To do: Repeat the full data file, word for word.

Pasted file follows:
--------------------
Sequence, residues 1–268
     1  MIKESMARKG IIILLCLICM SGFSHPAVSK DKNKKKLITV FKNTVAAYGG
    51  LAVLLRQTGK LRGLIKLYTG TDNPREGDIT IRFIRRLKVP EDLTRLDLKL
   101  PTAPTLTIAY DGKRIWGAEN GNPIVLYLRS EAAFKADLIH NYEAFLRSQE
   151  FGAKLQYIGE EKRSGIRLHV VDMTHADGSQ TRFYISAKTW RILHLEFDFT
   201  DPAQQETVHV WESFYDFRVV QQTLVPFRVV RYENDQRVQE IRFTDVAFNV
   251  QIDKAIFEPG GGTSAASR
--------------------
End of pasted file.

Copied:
Sequence, residues 1–268
     1  MIKESMARKG IIILLCLICM SGFSHPAVSK DKNKKKLITV FKNTVAAYGG
    51  LAVLLRQTGK LRGLIKLYTG TDNPREGDIT IRFIRRLKVP EDLTRLDLKL
   101  PTAPTLTIAY DGKRIWGAEN GNPIVLYLRS EAAFKADLIH NYEAFLRSQE
   151  FGAKLQYIGE EKRSGIRLHV VDMTHADGSQ TRFYISAKTW RILHLEFDFT
   201  DPAQQETVHV WESFYDFRVV QQTLVPFRVV RYENDQRVQE IRFTDVAFNV
   251  QIDKAIFEPG GGTSAASR